What Will First Contact with Aliens Be Like?

Anyone who reads or watches science fiction can cite their favorite stories about the inevitable meeting between ET and humans. They range from evil aliens in “War of the Worlds” and “Mars Attacks” to benevolent beings like those in “Childhood’s End”, “E.T.”, and “Close Encounters of the Third Kind” (to name a few). SF is one way to imagine what it will be like. However, Anton and his team looked beyond science fiction and analyzed a few more likely scenarios for first contact.

The first one they looked at is the “signal” scenario. Essentially, this is the “intercept a signal from far away” that forms the basis of current SETI search programs. Someday we’ll pick up a signal from outer space, similar in content to the one in the movie “Contact”. The chances are pretty good that it traveled a very long distance. That means any kind of “instant communication” back and forth is going to be tough. But, it would signal to us in a very clear way that we’re not alone, even if ET is thousands of light-years away. It would probably spur scientists to ramp up their searches for more signals from other civilizations. Not only that, but a whole cottage industry would spring up of people trying to decipher the messages. Maybe they’d even figure out a way to reply.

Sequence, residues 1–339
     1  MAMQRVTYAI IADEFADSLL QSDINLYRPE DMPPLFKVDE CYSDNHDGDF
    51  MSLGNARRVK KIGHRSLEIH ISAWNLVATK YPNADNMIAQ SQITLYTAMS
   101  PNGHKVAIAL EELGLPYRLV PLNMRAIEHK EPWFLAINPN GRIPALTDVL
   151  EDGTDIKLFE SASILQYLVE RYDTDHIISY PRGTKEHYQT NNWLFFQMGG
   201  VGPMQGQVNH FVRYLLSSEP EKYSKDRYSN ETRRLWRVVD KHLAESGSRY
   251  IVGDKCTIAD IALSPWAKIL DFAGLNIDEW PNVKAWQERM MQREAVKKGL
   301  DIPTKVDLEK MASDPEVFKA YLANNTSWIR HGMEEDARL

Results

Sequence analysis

Radio telescopes monitor the sky at the Allen Telescope Array in California. Finding a signal from a distant civilization is one way we could experience first contact with ET. (SETI Institute Photo)